Ok, not the season, but the break from school is. Especially for me. It’s been nice, since this is the first break of more than a week I have had from school since I started my Master’s program. The downside is, because of the break, my school has not reported to Sallie Mae that I am enrolled in the next term, so they are already harassing me about making student loan payments. Uh, no? Blood from a turnip and all that.

Anyways, I start back up a week from Monday, with my final History class (Renaissance and Reformation). Also, if my transfer credits come through from my single semester at Capella, this will actually be my last full class. After that it’s the comprehensive exam and that’s (hopefully) it!

I’ve also looked into what I’m doing after that. One of the local college campuses has a WI Teacher Certification program that is only 18 months long. I’ve started the paperwork for that, just in case that’s the direction I decide to go. Part of that process will probably be to see if I can shadow a local History teacher or two, just to get an idea of whether being a high school teacher is a good fit. I’ll try to do that a few days this coming fall.

My next read.
The biggest plus to this summer has been that I have gotten to read a lot more. After a few false starts with books that didn’t “grab” me, I managed to finish a few paperbacks in the last couple of months (that’s pretty good for my pace). Just yesterday I finished Another Fine Myth by Robert Aspirin. I had picked up the entire series for a pittance a while back, and decided I could go for some lite-hearted fantasy. It delivered in spades. Very fun and quick. Today I started Redliners by David Drake, which has been languishing on my Kindle for several months.

I’ve also determined that I am going to start taking in more historical non-fiction in my leisure reading time. Going to compile a list of “essential” works that I need to read, and just start digging in. If you have any suggestions, I’m all ears. I’m mostly focusing on ancient cultures. But I would like to read more about American history as well. For now I will probably start with A History of the Vikings, by T.D. Kendrick. Mainly because I already own a copy. It was a good source for my research on the Varangian Guard.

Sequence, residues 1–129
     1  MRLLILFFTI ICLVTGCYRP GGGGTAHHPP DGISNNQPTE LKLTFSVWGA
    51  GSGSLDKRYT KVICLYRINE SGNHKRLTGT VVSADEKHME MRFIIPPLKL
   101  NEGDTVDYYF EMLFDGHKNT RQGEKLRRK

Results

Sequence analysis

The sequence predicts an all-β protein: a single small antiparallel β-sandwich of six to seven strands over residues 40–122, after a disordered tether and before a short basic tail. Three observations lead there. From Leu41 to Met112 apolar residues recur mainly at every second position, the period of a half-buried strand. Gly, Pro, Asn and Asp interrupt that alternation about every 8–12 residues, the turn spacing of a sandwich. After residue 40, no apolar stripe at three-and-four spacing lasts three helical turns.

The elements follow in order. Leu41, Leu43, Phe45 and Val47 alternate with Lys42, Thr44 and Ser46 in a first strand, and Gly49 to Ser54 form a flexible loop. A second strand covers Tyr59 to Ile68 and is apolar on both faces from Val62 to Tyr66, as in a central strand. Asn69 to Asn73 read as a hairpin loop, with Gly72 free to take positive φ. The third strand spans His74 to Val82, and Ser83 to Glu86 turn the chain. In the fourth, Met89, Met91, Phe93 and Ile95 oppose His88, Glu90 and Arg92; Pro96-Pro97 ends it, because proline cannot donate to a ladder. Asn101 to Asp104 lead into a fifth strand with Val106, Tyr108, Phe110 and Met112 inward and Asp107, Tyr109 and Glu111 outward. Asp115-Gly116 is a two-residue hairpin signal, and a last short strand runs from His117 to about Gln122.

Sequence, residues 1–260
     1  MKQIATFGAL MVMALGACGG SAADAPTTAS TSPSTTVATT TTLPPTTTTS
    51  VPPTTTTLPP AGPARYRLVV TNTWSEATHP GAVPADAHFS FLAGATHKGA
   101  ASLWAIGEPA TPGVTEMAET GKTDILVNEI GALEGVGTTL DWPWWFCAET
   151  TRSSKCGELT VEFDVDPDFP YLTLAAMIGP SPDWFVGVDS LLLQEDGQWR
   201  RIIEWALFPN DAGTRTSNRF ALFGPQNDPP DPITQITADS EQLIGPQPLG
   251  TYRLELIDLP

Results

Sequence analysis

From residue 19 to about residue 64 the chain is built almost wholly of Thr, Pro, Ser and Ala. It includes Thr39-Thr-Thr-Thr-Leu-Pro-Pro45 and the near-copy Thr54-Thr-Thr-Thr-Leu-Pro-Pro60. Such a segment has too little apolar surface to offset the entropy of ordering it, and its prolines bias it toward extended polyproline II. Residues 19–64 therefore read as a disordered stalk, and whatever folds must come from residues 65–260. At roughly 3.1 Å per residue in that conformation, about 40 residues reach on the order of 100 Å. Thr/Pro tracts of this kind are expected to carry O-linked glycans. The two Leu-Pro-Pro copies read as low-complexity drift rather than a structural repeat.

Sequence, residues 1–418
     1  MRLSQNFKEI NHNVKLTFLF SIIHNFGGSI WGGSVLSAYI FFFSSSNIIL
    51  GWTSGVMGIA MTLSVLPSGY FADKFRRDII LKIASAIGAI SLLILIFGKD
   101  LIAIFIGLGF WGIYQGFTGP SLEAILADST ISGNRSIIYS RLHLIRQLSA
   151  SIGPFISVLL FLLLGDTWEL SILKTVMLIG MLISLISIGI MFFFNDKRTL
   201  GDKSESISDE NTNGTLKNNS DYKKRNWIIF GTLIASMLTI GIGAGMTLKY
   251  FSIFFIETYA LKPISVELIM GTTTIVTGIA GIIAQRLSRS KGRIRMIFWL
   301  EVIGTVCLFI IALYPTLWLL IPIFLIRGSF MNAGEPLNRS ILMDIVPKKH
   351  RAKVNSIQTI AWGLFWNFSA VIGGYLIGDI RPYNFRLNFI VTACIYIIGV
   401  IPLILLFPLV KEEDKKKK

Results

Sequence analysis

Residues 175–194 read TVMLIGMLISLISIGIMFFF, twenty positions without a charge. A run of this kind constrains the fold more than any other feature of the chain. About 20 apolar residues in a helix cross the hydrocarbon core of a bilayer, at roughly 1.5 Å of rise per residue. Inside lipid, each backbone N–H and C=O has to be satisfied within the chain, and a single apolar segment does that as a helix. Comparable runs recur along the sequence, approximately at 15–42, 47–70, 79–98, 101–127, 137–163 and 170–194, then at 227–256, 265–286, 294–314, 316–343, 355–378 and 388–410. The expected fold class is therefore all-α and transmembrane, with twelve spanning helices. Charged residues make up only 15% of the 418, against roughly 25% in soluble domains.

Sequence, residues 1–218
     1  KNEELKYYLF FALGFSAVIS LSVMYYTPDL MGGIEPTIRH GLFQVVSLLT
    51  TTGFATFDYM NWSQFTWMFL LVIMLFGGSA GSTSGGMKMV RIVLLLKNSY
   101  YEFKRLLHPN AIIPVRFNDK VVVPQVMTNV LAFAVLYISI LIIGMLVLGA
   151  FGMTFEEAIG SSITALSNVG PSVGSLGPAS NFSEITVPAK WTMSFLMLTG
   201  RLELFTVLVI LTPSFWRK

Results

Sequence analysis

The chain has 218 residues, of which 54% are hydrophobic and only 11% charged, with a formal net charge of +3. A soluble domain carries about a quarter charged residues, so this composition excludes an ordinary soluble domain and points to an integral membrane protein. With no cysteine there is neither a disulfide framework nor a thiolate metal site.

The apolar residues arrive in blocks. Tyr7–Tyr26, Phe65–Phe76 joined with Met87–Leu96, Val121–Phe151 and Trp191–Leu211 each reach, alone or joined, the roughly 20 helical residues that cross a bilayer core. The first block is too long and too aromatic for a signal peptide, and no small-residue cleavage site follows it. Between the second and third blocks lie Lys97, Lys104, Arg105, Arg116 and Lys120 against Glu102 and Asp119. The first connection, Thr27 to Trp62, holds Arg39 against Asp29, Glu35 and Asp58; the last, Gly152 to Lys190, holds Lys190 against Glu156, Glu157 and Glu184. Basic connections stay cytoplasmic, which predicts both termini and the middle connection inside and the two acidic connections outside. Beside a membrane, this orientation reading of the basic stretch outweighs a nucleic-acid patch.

On the writing front, a bit of movement here and there. I have a sci-fi story I’m shopping around. I have the Gorus story about ¾ done. And I was picking at the orc mercenary book yesterday. I figure I’ll be ready to be a “professional” writer in about 10 years or so.

Thursday, July 3, 2014

Conditioned

I think I’m too conditioned to be Eurocentric in my reading tastes. I’m reading the first Horseclans book, and while I am enjoying it, I have to admit that the Hispanic vernacular, names, titles, and everything kind of throws me off a bit. It almost feels like Adams took a basic Medieval European-style world, and threw a 19th century Mexico skin over it. All of the names and titles bring images of Zorro into my head. It’s taking some getting used too.

In the meantime, I picked up a recently acquired copy of Thongor and the Wizard of Lemuria the other day, and casually started reading it. Before I knew it, I was hooked into it, and it has become my primary reading now. I had never read any Thongor before, but in my quest to get at least a little experience with all of the “Clonans” of the 60’s and 70’s, I decided I need to give it a go. Pretty cool so far. Lin Carter wasn’t an extraordinary writer, nor was he all that original, but he did weave a fun yarn.

On a side note, I have the edition pictured above. Obviously the cover artist was working from a basic description, because the “flying boat” in the scene depicted isn’t supposed to look anything like a spacecraft, the way that one does. I saw it more like the flying ships in the Barsoom novels. Basically, a flying boat, but with a sail.

Anyways, with the long weekend (I took Monday off too), I hope to have some reading time. Maybe even some writing time, though I’m not holding my breath.

Speaking of writing, struggle as I might, I don’t think I am going to be able to get that Gorus story up to 17k+ like I’d hoped. The story is just too simple, and would require way more fluff than I’m comfortable with at this point. The downside is that, as it stands now, it will probably still be about 12-13k once completed. That’s too short for a novella, but too long for most short story markets. So, the plan is back to finishing this one, and then write another story of similar length, with a bridge story in between, thus creating a (short) novel-length narrative.

Monday, June 30, 2014

Not my world…

…I just write in it.

An idea occurred to me this morning. Would I want to live in the worlds that I write about? Let me explain.

We all know that Facebook (and other social media) have become hotbeds of socio-political discourse, debate, and downright argument. Generally, I try to avoid those subjects, as I have a wide variety of friends, from all over the spectrum, and I don’t generally like to antagonize them (except at the gaming table, but that’s a whole different issue). That being said, occasionally there comes a subject that I feel strongly enough about that I want to say something. Most recently, it is this whole “open carry” issue.